Guilt-Free Memorial Day Cookouts in the Age of Climate Change
Backyard cookouts are a hallmark of Memorial Day. Inevitably, this means burning gas or charcoal, each of which emits significant amounts of greenhouse gases. Yet according to a new projection in the New York Times, large-scale melting of ice in the Antartica is now almost inevitable, and this phenomenon could cause “enough sea-level rise that many of the world’s coastal cities would eventually have to be abandoned.”
However, preventive measures that can still allow cookouts are proposed in a separate new article in the journal Global Change Biology. These measures would involve reforesting as much as possible of the 45% of all land on earth now estimated to be used for raising livestock. Most land used for livestock was once forested and could be reforested again, allowing it to absorb excess greenhouse gas in the atmosphere.
According to the new proposal, if livestock products such as grilled beef and chicken are replaced with alternative products —such as Gardein burgers or cutlets, Field Roast sausages and Morningstar riblets — this could generate a unique dual benefit. Greenhouse gas attributable to livestock can be significantly reduced, and at the same time, the huge amount of land used for livestock could be freed up for reforestation and absorbing greenhouse gas in the atmosphere.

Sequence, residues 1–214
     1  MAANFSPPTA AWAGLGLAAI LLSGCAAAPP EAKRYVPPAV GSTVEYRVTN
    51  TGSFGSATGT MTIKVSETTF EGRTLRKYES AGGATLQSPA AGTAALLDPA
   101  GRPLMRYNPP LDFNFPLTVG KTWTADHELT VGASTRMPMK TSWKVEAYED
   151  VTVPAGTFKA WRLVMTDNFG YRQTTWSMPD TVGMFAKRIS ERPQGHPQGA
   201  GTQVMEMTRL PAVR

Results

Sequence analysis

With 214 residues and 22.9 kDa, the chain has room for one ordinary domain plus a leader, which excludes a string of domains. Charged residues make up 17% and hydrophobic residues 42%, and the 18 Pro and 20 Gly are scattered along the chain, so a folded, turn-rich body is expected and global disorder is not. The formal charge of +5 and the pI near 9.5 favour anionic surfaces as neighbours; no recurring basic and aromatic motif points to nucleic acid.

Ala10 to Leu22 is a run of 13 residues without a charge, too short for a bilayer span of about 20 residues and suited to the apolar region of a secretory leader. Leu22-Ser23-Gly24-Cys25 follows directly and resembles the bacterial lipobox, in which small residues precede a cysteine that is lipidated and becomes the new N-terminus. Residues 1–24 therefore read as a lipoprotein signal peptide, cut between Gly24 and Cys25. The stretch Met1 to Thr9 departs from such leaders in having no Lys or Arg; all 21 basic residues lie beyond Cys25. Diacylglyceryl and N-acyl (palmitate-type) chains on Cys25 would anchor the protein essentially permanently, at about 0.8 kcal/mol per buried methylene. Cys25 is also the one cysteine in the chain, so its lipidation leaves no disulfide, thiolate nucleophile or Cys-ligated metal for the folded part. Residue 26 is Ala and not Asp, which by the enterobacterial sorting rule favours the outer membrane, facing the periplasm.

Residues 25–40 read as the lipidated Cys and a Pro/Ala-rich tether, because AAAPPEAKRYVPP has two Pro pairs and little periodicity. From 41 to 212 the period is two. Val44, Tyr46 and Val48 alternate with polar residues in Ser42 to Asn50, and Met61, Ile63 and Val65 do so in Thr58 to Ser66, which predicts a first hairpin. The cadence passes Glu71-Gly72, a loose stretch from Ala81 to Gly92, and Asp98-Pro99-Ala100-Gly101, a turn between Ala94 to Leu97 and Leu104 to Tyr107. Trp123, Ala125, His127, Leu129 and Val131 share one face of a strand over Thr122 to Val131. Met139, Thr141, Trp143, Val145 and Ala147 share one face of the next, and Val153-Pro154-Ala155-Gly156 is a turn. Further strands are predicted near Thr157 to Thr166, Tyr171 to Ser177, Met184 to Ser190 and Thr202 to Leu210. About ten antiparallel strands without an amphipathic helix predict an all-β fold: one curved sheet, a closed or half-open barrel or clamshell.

Using renewable energy to achieve the same outcome wouldn’t be possible, according to the International Energy Agency, which has estimated that sufficient renewable energy would cost at least $18 trillion and take at least 20 years. This would be long past the time available to stop the rapid melting of Antarctic.
In contrast, large-scale changes in food and forest could be available almost overnight. Better alternatives to livestock products are generally made from whole grains and legumes, such as peas, sorghum, and beans. Such products are generally responsible for minimal greenhouse gas emissions.
There is documented potential for agricultural change to draw down greenhouse gas from our atmosphere to pre-industrial revolution levels within five years.
Agriculture is outdoors to a unique degree, exposing it to greater risk from emissions attributable to livestock than any other industry’s risk from the same emissions. So food industry leaders can be seen to have a compelling commercial incentive to reduce those emissions.
For consumers, Bill Gates has been promoting the idea that we can stop climate change by replacing livestock products with alternatives with little or no change in taste. This way, on Memorial Day, by dramatically reducing greenhouse gas emissions attributable to our foods, we can more than make up for the gas or charcoal that we may continue to use to prepare these foods.